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Kenneth Uston

From his best-selling books to his flamboyance at the card table, Kenneth Senzo Uston (1935-1987) was for many years one of the biggest names in Blackjack. Where other players sought secrecy and anonymity, Uston seemed to revel in the spotlight, taunting those who decried his techniques and teaching an entire generation the brilliance of card counting.

Born That Way

Good genes must have played a key role in Ken Uston’s talented life. His birth name, Kenneth Senzo Usui, was given to him by his father, Senzo Usui, who was a Japanese immigrant and businessman living in New York City. The boy’s mother, Elsie Lubitz, was a native of Austria, and she bore two more children as her son was growing up.

By the time Uston reached his mid-teens, his towering intellect was obvious. At 16, he was accepted for admission to Yale University, where he was inducted into the academic honor society Phi Beta Kappa. After graduation, he went to Harvard University to earn his MBA, which set him up for a career in business that would include management positions with Southern New England Telephone Co. and the Big Three consulting firm known as Cresap, McCormick & Paget in San Francisco.

While living in California with his wife and two daughters, Uston read Edward O. Thorp’s “Beat the Dealer” and began spending time in casinos. He quickly took to card counting at the Blackjack tables and at one point joined a team organized by professional gambler Al Francesco. That’s how he learned the intricacies of being “The Big Player,” which would be the title of his first book, published in 1977.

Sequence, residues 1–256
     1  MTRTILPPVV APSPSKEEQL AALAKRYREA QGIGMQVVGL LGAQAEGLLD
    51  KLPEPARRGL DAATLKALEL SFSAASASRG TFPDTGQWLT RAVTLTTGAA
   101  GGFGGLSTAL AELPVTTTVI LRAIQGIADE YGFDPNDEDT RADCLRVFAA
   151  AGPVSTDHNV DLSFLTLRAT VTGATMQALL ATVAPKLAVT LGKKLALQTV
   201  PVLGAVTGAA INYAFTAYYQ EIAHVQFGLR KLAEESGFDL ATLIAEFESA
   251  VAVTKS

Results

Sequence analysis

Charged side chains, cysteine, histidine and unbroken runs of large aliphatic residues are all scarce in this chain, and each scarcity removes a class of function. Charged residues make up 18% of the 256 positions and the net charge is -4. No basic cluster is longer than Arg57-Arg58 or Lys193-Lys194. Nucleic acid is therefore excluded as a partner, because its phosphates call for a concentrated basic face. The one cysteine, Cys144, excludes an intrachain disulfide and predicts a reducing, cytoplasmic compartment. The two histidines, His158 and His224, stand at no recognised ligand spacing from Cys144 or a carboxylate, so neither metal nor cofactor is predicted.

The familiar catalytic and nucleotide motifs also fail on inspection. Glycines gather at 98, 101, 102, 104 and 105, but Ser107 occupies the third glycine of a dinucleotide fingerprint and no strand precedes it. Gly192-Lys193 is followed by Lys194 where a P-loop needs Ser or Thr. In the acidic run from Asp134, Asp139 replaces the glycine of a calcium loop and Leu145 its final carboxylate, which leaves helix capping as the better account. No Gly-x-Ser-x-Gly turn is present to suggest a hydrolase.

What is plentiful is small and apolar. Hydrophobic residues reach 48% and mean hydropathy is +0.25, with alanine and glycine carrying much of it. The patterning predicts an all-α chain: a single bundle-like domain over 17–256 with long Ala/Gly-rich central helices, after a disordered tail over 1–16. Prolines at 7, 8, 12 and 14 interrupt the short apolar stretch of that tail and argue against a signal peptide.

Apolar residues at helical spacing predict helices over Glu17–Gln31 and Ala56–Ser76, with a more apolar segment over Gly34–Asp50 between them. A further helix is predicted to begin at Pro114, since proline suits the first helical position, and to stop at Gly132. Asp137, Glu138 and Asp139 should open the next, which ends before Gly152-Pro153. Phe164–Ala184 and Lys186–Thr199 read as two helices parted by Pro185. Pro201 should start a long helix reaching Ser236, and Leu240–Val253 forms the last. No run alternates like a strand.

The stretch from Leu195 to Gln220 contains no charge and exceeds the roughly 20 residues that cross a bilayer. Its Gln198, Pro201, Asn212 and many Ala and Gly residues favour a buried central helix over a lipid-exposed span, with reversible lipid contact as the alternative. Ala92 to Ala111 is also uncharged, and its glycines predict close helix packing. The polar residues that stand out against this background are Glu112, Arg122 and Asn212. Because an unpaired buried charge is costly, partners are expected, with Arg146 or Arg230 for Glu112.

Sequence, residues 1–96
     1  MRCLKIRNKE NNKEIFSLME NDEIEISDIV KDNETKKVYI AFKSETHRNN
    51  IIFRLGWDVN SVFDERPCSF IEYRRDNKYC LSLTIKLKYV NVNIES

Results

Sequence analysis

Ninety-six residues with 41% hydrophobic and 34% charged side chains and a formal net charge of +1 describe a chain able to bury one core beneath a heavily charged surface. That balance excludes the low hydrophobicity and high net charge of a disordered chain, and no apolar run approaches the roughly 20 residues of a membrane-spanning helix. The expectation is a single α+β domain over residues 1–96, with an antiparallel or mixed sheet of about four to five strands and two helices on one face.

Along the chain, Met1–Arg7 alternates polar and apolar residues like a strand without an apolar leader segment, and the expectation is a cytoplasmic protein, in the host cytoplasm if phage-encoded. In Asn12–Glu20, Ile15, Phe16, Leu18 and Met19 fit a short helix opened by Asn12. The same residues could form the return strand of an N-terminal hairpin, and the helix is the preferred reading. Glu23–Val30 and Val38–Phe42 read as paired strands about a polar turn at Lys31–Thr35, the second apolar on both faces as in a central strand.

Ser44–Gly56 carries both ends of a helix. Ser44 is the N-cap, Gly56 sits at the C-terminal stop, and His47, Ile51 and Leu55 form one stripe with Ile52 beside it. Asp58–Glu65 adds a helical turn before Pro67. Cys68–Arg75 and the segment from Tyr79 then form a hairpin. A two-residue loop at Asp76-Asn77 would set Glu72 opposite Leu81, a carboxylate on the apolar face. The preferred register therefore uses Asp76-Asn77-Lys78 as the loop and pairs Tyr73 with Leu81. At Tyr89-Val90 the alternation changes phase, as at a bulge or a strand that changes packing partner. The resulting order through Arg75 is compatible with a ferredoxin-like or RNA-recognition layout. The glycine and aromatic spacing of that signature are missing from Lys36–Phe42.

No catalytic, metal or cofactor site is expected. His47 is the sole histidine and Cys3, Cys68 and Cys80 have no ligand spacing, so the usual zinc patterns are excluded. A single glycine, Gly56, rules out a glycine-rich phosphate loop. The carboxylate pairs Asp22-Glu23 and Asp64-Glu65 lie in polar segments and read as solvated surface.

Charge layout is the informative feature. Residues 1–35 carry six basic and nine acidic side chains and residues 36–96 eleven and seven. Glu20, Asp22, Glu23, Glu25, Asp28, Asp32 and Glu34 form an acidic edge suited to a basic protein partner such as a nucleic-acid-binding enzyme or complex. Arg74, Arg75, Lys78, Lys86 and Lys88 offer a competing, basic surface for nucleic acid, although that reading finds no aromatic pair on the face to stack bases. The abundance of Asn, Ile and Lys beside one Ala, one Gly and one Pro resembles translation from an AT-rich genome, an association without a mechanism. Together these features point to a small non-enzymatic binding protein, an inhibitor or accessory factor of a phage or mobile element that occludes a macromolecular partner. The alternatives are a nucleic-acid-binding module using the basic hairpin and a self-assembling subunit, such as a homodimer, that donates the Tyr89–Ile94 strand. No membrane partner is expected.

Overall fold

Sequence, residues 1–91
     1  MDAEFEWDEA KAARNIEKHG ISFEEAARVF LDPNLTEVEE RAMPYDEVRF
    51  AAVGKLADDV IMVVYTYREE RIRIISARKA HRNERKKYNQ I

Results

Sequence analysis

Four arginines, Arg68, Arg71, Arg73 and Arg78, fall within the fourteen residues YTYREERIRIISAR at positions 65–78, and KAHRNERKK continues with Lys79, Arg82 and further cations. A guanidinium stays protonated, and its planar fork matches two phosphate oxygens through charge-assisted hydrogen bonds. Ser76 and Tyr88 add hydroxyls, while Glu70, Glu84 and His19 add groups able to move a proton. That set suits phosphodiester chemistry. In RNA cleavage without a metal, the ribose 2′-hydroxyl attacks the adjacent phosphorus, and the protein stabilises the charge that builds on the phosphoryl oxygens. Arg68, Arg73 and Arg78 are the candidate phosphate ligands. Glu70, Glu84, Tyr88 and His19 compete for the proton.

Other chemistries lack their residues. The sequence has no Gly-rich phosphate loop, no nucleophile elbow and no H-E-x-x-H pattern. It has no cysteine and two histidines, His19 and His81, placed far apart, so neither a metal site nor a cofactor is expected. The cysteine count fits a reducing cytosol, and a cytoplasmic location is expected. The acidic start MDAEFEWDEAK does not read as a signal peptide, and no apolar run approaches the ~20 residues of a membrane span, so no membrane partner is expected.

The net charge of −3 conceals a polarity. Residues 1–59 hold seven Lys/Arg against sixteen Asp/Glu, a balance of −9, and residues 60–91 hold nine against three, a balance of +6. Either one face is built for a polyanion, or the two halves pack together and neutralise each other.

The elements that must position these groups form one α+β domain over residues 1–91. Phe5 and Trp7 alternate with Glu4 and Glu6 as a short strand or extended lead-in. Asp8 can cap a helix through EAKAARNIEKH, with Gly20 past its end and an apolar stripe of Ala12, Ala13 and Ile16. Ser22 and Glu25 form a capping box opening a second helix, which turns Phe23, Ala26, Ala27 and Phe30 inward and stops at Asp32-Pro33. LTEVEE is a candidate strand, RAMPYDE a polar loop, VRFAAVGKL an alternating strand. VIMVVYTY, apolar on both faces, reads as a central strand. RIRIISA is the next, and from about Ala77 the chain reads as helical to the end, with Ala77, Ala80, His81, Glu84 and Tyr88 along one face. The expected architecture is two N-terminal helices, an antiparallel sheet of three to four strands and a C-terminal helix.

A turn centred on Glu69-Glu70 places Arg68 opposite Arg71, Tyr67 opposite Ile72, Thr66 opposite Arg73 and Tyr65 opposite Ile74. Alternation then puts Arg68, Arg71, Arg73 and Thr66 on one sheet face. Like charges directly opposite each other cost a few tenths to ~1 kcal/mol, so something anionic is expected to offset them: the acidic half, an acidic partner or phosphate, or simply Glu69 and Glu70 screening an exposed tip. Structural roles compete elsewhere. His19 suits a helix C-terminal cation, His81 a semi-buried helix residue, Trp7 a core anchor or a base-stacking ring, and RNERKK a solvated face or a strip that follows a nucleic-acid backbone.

Unfortunately, Uston’s book alerted casinos to the ploys being used to beat the odds at their tables, which in turn led to Francesco and his crew being barred from the floors of Las Vegas. But in 1978, gambling became legal in Atlantic City, so Uston started a team of his own there and it met with considerable success.

Taking Down the House

When Resorts International tried to bar Uston from its tables in 1979, he took the mighty hotelier to court. The case dragged on for years, but in 1982 the New Jersey Supreme Court ruled that “Atlantic City casinos did not have the authority to decide whether skilled players could be barred.” To this day, New Jersey casinos—by statute—are no longer allowed to bar card counters. As a countermeasure, however, they began adding decks, moving shuffle points up and frequently changing dealers to impede the ability of skilled players to gain an advantage.

In the meantime, Uston’s second book, “Million Dollar Blackjack,” was published in 1981. It describes in detail how professional gamblers gain an advantage at the Blackjack tables. Not surprisingly, casinos began looking out for Uston and doing their best to thwart his techniques. That’s when the master card counter evidenced another of his many talents, as a master of disguise. He would dress up in costumes, as a blue collar worker or a musician, for example, to evade surveillance systems and get seated at the tables. He became an expert at disguising his card counting, too.

In September 1987, the news that Ken Uston had passed away in a rented apartment in Paris, France truly shook the world of gambling. The cause of death was said to be heart failure. He was only 52 at the time. When the Blackjack Hall of Fame made its debut in 2003 at the Barona Casino in San Diego, nobody was surprised to hear Uston’s name among the seven inaugural inductees. He would no doubt be proud to know that his influence on the game of Blackjack has extended long after his time at the tables.

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